It goes by many names: the “sharing economy,” the “gig economy,” the “on-demand economy.” Arun Sundararajan, a professor at New York University’s Stern School of Business who has been studying the phenomenon for several years, favors “crowd-based capitalism.” But he compromised for the book he’s just written, titling it “The Sharing Economy: The End of Employment and the Rise of Crowd-Based Capitalism.”
In the book, Sundararajan argues that online platforms that make it easy for individuals to sell products and services to others are ushering in a new kind of capitalism. I interviewed him over lunch early this month. What follows is an edited and much-abridged account of our conversation.
Fox: There’s a sense that the sharing economy has hit a wall recently. Which parts are surviving and thriving, and which aren’t?
Sundararajan: There are two different hitting-the-wall models. One is that there are many specialized labor services that may not have a workable business model, but have nevertheless gotten funded because of all the sharing-economy excitement.
A second reason some companies will hit a wall is that we’re still in the phase of experimentation. We had a well-defined notion a couple hundred years ago of markets where individuals sold to other individuals. We have a pretty well-defined notion today of a large hierarchy that produces and delivers goods and services. I see the sharing economy platforms as somewhere in between. They’re creating this new hybrid between firms and markets, and there’s still a process of figuring out how much of an organization and how much of a market you should be.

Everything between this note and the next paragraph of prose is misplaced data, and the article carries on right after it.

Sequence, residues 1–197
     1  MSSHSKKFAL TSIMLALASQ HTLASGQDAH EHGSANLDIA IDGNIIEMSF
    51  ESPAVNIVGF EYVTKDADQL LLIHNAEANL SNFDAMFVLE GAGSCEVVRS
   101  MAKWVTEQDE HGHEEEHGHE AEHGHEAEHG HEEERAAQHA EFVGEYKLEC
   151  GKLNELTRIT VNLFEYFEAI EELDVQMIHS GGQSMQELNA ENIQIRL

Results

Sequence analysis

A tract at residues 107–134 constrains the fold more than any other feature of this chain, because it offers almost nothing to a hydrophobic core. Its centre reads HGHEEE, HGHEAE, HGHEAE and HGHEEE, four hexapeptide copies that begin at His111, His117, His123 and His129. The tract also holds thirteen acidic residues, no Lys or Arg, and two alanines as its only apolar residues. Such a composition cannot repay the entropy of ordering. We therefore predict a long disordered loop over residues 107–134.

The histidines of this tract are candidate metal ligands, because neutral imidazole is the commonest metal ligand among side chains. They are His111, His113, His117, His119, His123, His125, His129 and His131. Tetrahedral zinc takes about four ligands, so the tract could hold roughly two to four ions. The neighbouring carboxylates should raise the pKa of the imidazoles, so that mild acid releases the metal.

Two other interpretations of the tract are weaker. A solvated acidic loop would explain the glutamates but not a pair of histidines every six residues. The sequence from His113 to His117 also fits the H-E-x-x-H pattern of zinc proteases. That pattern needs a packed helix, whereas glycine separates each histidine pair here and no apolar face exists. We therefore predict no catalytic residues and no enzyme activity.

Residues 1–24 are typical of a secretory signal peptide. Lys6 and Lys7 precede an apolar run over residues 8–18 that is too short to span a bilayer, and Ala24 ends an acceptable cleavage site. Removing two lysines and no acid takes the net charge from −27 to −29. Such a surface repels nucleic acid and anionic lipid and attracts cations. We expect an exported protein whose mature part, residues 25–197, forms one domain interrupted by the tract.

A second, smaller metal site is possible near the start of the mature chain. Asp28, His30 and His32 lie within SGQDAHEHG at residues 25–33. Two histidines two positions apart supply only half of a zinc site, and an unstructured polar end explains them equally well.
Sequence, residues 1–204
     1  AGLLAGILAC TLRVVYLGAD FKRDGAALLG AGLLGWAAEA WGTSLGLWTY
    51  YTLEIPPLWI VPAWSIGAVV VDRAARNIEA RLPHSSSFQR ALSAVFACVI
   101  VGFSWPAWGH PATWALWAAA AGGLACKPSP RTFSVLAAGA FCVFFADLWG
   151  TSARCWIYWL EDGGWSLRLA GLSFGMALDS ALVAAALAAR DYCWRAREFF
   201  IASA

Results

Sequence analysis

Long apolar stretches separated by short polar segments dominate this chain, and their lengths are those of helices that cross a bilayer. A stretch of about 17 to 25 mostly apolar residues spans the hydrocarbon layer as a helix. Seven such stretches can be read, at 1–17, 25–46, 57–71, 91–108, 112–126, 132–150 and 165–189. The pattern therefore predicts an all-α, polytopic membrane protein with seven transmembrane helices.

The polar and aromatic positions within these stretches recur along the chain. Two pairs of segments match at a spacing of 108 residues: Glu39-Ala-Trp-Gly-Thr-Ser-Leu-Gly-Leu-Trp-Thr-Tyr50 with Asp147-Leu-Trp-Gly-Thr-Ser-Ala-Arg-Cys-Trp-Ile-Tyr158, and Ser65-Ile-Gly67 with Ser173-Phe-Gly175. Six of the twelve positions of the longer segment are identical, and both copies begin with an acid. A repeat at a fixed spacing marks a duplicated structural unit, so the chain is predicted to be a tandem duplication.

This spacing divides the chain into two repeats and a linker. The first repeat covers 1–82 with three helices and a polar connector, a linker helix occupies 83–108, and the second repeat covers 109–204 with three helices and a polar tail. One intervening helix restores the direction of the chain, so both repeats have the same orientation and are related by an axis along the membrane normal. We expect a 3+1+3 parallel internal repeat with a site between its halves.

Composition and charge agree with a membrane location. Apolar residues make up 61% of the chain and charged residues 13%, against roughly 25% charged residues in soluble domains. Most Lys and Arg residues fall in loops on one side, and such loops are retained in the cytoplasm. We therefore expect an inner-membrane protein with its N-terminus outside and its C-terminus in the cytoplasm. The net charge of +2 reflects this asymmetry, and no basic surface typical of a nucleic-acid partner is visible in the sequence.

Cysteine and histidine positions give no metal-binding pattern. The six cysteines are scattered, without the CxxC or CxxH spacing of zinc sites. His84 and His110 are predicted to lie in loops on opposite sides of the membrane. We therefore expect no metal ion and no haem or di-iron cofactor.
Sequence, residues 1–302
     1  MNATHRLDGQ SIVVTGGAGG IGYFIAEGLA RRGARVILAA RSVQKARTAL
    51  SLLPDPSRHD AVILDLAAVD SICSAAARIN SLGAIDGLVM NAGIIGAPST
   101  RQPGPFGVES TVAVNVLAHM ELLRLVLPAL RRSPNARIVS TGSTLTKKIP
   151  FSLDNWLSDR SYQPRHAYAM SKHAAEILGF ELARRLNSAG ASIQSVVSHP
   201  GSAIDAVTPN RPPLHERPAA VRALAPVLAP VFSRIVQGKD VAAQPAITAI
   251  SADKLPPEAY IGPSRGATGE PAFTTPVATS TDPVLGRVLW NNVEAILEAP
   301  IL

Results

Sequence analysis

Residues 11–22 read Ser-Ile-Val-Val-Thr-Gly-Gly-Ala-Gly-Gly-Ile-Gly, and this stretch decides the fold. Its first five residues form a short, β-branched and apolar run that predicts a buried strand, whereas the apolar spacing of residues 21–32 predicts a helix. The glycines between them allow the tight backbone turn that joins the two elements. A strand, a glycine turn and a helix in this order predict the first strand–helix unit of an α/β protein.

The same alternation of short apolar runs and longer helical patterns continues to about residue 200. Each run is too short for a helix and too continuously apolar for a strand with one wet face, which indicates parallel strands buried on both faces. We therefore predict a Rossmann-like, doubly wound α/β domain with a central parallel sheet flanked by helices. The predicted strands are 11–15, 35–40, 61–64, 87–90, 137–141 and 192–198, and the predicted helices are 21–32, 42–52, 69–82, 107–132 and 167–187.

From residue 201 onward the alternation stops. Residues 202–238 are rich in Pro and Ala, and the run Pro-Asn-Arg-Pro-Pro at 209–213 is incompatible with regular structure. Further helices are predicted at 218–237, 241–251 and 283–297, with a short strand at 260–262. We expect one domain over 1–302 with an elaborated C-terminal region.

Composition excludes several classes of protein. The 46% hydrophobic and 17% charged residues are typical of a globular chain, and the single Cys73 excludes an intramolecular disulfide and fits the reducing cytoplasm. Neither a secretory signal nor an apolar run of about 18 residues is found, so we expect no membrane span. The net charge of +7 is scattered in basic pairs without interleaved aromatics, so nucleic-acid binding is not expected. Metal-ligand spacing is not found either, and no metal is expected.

There’s a variety even among the successful ones. Uber sets its prices and has more organizational control. Airbnb is more decentralized and delegates some of the merchandising, pricing and inventory management. Etsy is very hands-off.
There are going to be companies that try models that don’t work, and may go out of business for reasons that aren’t completely their fault. They just happened to be experiments that didn’t work.
Fox: Some people argue that a lot of these services are mainly just new ways to exploit workers. How should we be thinking about this?
Sundararajan: It’s important to separate the fundamentals of the change in how we organize economic activity from the protections that have been built up over the last 60 or 70 years for people who provide labor to companies.